Baltimore’s Bosley Brown explores a new sound

Baltimore’s Bosley Brown explores a new sound

It’s the fourth grade talent show. A young Bosley Brown is eager to impress the crowd by singing Boyz II Men’s “I’ll Make Love to You” with his friends. His teachers though, found that to be too inappropriate. Instead, Brown and his friends sing “I Swear” by All For One. “Not nearly as cool of a song,” Brown said.

The young Bosley and his friends wore matching outfits for the big performance. “I was so embarrassed. All the kids started laughing as soon as we started, so I just folded my arms and put my hip to contrapposto and just sort of like stared off and pretended like I didn’t care,” he said.

Now, Brown is the frontman of Baltimore band Bosley. They play everything from weddings, to clubs and even festivals like Light City. Regardless of venue, Bosley performances bring forth an energy that can transform a room.

“It’s been a journey of uphill and then downhill, sometimes steeply downhill and then back up again,” he said.

As a child, Brown grew up around Baltimore County, moving around because of his parents’ divorce. “At the time, I just didn’t know how to handle that … I went from being really hopeful to having this sort of melancholy side and feeling a little bit of a victim,” he said. Despite these feelings, Brown was a dreamer and these early years are where his roots as a performer began.

Beginning as a performer, Brown, still trying to find his footing, used drugs and alcohol, in an attempt to feel more confident.

“I was struggling to find a freedom on stage [and] I had to slough off the consciousness of being in front of an audience by doing things that were a little embarrassing or aggressive,” he remembered. “I would do these weird, dramatic sort of maudlin gimmicks that, ultimately, were just me being a little showy and pretentious.”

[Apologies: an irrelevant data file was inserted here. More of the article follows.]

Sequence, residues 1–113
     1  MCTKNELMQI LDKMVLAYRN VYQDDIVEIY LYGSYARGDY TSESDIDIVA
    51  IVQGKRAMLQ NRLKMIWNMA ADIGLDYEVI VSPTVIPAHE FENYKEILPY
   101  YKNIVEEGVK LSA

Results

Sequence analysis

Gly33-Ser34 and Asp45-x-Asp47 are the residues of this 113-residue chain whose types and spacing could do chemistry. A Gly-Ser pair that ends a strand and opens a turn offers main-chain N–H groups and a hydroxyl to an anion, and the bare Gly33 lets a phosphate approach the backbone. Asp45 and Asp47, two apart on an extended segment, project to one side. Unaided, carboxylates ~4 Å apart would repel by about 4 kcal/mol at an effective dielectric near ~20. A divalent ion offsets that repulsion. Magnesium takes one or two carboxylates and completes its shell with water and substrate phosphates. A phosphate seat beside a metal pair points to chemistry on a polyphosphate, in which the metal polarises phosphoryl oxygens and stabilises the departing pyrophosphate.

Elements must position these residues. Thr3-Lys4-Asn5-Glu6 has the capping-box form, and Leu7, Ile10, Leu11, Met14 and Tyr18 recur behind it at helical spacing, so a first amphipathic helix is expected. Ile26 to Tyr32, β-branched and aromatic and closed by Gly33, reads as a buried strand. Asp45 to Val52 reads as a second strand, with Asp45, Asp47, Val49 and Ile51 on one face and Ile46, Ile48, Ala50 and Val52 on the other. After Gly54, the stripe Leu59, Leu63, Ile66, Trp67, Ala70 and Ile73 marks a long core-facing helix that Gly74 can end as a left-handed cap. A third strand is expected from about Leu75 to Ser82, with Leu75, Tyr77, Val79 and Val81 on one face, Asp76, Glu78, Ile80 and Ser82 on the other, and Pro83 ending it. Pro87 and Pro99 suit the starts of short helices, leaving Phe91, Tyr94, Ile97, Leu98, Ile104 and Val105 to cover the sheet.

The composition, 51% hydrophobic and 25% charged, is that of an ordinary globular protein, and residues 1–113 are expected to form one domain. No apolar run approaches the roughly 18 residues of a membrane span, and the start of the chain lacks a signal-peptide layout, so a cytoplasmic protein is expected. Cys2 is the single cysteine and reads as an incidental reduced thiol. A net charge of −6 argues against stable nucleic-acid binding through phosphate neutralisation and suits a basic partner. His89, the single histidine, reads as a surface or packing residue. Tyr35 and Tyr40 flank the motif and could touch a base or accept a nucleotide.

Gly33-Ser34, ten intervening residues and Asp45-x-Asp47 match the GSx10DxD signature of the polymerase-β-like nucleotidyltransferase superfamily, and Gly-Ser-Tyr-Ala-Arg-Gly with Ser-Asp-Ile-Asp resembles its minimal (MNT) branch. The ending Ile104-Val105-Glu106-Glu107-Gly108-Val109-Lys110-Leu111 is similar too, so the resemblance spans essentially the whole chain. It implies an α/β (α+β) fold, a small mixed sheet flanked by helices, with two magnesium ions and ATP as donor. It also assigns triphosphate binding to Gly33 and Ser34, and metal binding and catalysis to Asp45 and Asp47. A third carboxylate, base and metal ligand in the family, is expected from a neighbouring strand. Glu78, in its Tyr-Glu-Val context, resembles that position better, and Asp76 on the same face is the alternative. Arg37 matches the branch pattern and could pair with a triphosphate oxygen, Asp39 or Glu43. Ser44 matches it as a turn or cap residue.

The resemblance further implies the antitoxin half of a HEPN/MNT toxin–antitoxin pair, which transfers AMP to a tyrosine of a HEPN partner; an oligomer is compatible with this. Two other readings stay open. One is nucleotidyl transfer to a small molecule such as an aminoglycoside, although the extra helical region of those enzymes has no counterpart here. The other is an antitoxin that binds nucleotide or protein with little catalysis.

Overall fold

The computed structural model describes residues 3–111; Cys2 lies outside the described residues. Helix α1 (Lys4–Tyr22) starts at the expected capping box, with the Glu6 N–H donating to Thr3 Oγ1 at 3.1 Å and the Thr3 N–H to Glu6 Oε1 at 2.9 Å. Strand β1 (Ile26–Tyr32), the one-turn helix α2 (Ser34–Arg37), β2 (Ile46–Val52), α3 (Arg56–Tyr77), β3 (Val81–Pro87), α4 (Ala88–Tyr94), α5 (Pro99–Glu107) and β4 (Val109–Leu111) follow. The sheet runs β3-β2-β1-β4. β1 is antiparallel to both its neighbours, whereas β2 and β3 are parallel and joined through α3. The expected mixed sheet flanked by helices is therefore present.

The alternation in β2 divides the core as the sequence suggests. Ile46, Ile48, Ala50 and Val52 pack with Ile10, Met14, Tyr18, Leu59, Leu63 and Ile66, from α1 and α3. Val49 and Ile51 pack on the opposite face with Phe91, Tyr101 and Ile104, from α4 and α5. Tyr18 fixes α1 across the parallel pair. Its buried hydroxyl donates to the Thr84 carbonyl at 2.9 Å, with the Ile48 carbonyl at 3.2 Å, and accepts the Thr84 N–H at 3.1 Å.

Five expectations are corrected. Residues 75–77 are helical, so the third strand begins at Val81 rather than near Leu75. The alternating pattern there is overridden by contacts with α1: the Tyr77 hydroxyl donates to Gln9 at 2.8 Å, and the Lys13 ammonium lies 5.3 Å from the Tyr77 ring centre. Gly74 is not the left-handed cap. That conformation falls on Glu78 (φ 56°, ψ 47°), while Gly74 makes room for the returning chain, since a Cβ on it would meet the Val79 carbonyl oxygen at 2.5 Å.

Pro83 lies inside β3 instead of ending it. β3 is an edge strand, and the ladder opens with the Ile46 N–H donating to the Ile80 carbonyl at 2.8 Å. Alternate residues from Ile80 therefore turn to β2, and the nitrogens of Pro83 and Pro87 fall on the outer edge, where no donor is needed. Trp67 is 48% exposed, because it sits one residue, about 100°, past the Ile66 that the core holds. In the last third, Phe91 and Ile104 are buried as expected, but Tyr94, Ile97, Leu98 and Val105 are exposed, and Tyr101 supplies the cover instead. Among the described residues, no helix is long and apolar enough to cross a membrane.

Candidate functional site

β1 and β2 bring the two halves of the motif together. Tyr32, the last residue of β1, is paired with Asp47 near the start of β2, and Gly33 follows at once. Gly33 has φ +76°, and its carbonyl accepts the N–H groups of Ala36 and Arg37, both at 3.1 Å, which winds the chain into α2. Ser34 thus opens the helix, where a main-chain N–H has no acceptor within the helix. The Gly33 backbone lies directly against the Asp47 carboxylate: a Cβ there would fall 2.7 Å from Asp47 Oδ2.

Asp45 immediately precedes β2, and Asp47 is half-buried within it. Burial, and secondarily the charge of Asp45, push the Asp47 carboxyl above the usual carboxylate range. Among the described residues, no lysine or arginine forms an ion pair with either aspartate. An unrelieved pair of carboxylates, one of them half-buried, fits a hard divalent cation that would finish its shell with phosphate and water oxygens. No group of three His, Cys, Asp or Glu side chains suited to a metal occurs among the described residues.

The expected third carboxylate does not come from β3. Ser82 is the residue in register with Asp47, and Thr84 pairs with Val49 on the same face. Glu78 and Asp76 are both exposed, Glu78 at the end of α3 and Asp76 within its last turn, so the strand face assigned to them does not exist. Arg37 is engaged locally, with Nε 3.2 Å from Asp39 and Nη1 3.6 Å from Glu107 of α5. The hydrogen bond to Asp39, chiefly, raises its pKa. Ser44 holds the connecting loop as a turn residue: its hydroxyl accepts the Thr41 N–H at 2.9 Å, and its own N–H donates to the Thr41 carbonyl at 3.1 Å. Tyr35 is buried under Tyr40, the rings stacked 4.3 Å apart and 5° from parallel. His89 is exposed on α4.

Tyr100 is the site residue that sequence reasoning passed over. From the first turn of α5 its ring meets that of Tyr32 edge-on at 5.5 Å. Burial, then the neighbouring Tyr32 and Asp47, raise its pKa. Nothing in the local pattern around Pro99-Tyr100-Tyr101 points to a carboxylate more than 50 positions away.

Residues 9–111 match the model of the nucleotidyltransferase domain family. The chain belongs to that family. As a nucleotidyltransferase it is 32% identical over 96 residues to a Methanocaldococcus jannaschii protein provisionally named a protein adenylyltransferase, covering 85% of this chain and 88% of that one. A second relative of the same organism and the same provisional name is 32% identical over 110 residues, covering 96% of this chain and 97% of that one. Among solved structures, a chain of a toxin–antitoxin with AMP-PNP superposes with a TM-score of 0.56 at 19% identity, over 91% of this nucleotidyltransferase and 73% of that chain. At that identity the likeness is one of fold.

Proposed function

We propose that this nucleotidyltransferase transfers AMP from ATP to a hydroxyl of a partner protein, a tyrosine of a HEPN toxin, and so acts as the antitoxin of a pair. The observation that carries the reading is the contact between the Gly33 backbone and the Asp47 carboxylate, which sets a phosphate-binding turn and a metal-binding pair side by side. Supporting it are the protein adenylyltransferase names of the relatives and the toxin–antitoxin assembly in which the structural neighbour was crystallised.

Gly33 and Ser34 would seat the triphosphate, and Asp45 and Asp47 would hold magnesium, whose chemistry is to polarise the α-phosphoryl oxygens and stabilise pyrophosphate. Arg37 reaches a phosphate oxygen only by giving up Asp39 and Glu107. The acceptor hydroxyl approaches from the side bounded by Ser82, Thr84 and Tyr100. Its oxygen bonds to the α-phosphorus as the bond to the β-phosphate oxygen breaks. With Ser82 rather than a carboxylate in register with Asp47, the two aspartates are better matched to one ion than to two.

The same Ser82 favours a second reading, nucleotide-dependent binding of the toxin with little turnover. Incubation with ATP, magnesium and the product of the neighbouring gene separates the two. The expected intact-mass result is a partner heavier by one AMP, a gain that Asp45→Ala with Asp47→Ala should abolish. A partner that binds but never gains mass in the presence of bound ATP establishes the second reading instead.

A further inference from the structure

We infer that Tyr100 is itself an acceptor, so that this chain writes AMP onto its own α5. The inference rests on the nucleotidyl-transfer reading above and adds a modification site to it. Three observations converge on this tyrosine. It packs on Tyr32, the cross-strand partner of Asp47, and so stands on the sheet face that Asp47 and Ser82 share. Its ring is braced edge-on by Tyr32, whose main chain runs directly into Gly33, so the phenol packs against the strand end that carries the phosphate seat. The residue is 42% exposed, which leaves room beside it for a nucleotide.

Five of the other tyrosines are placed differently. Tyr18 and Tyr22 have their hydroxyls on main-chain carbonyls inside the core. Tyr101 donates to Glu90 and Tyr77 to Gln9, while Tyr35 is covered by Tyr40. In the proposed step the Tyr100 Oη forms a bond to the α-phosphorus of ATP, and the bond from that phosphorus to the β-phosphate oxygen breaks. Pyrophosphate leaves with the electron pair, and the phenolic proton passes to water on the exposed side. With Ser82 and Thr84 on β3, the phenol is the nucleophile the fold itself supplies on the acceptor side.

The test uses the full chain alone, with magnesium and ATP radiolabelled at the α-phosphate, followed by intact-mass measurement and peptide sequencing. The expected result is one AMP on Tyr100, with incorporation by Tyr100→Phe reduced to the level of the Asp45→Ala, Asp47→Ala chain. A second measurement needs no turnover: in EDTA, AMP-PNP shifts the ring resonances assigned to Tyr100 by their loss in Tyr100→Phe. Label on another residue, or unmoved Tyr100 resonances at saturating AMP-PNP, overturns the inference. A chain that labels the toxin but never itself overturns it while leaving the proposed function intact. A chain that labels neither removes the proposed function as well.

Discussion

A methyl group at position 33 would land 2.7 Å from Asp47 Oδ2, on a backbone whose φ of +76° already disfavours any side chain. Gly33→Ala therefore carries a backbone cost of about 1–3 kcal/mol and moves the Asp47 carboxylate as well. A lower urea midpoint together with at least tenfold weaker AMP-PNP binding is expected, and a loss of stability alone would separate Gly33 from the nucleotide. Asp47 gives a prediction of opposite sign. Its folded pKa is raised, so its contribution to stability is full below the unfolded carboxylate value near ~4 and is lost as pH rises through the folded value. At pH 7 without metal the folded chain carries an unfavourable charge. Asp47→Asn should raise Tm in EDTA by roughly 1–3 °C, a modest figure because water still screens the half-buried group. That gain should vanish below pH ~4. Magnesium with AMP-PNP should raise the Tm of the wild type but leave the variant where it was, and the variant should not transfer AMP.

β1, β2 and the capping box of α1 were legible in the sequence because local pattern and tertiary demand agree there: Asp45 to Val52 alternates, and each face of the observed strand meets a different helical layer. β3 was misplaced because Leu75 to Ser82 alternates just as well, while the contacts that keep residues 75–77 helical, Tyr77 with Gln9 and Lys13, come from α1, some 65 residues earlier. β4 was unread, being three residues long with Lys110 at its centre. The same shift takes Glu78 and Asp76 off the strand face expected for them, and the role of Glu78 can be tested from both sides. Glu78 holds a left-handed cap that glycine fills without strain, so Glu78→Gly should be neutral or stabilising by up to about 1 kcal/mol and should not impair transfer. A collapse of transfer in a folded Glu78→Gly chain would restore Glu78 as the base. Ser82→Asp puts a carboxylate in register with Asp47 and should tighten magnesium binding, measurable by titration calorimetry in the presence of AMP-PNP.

During this time, he told himself that he needed drugs and alcohol to be creative. “That’s just a story and the opposite is true,” he said.

In his 30s now and sober for five years, Brown will tell you that he did find what he had been searching for in his younger years, “I found a freedom to survive and I found that joy again that I had as a little kid about living and the wonder of it all. For awhile it was just doom.”

This joy clearly shows through in his records. Bosley’s music is fun; there’s no better way to put it. It blends all of the best elements of pop, soul and funk, creating a sort of evergreen sound.

Their albums are calculated and performative. “Honey Pig” swings and Brown’s voice comes through as the weird lovechild of Joe Cocker and Prince, but it works, and it works really well. On the other hand, “Dirty Dogs Radio Show” creates more of a fluid story line and is reminiscent of a Tom Waits album at times.

Also, Brown is involved in every aspect of the process, from the writing to the cover art. “It’s fun for me to curate an entire listening experience from the bones to the clothes,” he said.

Despite the success of these albums, Brown is moving in an entirely new direction. After recently becoming enthralled with Jamaican and electronic music, Brown is looking to incorporate some of these elements into his own sound.

He says he’s going to put out one, or possibly even two new albums next year. One, he recorded with Bosley as if it were 1965, creating a very authentic sound for the era. But, he “promptly got uninterested in that” and began in this new direction. The other is a reflection of his new musical obsessions, and is wildly different from what he has put out in the past. 

He calls it a “cliched artist place.” Really, it’s a transformation of a local phenomenon. The songs that are impossible to shake from the everyday Baltimore musical consciousness are going to be completely evolved.

“I’m compelled to do something else, come hell or high water and I don’t care if I crash on the rocks, it’s going to be better than what I’ve been doing.”

 

Bosley’s music can be found on Spotify, iTunes, and anywhere that streams music.